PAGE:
In a hanging textile work, Banner, Ordinary Time, Gnadinger interweaves scraps of everyday garments, newspapers, and plastic with delicate strands of shimmering threads, again bringing together the mundane and the ethereal in pleasurable conversation. Even the title suggests a more accessible spirituality, one oriented to domestic ritual, rooted in our daily routines and grounded in our quotidian hopes and concerns, our small but personal lives.
It is an idea that is given eloquent articulation in a collection of ceramics gathered on a white table like a band of misfit toys, roughhewn and misshapen but reverently – adoringly, even – marked and painted and glazed, as if to illustrate Simone Weil’s assertion that “absolutely unmixed attention is prayer.” The pieces take the vague shapes of bells and horns, chalice and ciborium, vessels for communal celebration rendered in lowly materials by humble hands. What more primal matter than clay, the very stuff that pre-Christian gods employed for their human creations?
Gnadinger can call forth celestial realms as well, most notably in their works on paper. A trinity named Untitled offers the show’s rare concentrated use of the color black: over layers of collaged paper painted in a creamy shade of acrylic, they rub large swathes of charcoal to bring forth the shapes and textures of moon craters, nascent galaxies and futurist geometries. In the search for something larger than ourselves, we travel beyond the limits of heaven and into the infinite vastness of the universe, to this primordial mingling of cosmic dust, these eternal materials that are then imbued with ephemeral meaning through the artist’s hands.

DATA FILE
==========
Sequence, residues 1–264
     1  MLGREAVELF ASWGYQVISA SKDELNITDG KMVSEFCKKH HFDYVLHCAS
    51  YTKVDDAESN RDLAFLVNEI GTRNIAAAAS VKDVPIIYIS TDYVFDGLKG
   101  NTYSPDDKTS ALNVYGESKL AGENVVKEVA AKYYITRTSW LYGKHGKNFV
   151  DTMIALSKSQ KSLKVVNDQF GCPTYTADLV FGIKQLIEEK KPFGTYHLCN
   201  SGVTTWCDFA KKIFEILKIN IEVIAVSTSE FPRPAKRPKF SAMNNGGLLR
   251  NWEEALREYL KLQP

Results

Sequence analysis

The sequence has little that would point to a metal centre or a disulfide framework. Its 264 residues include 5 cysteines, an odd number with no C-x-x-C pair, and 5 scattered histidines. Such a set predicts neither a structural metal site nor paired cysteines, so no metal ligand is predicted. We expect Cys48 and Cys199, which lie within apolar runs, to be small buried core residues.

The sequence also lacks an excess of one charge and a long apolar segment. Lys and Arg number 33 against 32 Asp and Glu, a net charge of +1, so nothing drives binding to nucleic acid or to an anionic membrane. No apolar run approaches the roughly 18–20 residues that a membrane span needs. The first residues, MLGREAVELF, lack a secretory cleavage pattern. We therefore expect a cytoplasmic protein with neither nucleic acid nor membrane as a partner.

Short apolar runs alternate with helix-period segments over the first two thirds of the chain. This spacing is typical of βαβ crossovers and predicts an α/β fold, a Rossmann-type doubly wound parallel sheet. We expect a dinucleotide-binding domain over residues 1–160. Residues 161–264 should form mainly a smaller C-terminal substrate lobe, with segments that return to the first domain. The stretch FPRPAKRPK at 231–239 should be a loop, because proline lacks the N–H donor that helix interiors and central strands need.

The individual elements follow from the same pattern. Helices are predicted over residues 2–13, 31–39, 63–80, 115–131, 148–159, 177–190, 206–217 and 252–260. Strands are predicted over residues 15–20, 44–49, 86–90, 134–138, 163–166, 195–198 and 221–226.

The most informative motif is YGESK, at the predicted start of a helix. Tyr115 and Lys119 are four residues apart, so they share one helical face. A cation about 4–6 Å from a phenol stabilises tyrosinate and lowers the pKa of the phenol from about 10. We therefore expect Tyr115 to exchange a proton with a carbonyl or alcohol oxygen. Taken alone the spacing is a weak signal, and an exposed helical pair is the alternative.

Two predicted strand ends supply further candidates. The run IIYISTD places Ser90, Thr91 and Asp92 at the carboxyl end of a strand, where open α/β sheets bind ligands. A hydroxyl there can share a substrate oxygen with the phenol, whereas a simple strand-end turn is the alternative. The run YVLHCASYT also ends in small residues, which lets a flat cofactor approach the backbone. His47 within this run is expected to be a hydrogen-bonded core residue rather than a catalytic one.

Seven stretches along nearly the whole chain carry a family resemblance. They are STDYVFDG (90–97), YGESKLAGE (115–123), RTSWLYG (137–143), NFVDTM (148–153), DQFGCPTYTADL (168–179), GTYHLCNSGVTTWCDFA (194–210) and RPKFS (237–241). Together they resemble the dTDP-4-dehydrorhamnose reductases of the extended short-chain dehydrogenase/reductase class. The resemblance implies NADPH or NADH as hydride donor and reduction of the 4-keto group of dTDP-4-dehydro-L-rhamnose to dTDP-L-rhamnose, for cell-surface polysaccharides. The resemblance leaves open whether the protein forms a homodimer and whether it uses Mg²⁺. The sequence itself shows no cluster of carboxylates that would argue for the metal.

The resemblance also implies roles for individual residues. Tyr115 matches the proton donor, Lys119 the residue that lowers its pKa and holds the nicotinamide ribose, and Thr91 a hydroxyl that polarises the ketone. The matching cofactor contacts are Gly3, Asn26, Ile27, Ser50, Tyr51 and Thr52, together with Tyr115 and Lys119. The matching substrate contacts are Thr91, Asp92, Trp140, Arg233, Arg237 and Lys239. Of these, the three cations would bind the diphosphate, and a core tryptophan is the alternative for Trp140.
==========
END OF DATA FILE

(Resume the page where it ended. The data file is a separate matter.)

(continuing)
Look closer at the works on paper – Presently Undetectable Things Or Maybe Tiny Ghosts #5, #6, #7 – and see the linen threads mechanically stitched within the works; suddenly one can imagine our creature in the lab coat as an interstellar seamstress in her celestial atelier, carefully attending to the creation of a new world. (Let the series of miniatures, numbered #7-18, stand as the thumbnail sketches she created in birthing this grand design.) In Gnadinger’s spirituality, space is not a cosmic void but a pregnant silence quietly vibrating with possibility. The dead are not tiny ghosts, but instead very real things that are simply presently undetectable through our earthly ways of seeing.
Perhaps that helps explain the titular objects in Altar With Telescope, a modestly proportioned work featuring a fabricated steel altar prepared for worship with ceremonial linens, a parcel of thin paper books and a mounted telescope made from a short cuff of ceramic wrapped with handwoven cloth. The inclusion of a telescope on the altar would seem to suggest that spiritual answers may be found in the stars, or that there is some merit in skyward searching, at least.
And yet Gnadinger’s rudimentary telescope contains no apparatus for magnification, not even the crude focus offered by a long, narrow tube: it is simply a circular frame through which to gaze. But what if that is the point? What if this collection of spiritual experiments reveals that, in fact, there’s nothing to reveal: the divine has been in plain sight all along, in the everyday vessels of our commonplace rituals, in the materials of our kitchens and baths, even here in this gallery where wine is poured and strangers gather in celebration of the communal grace of art.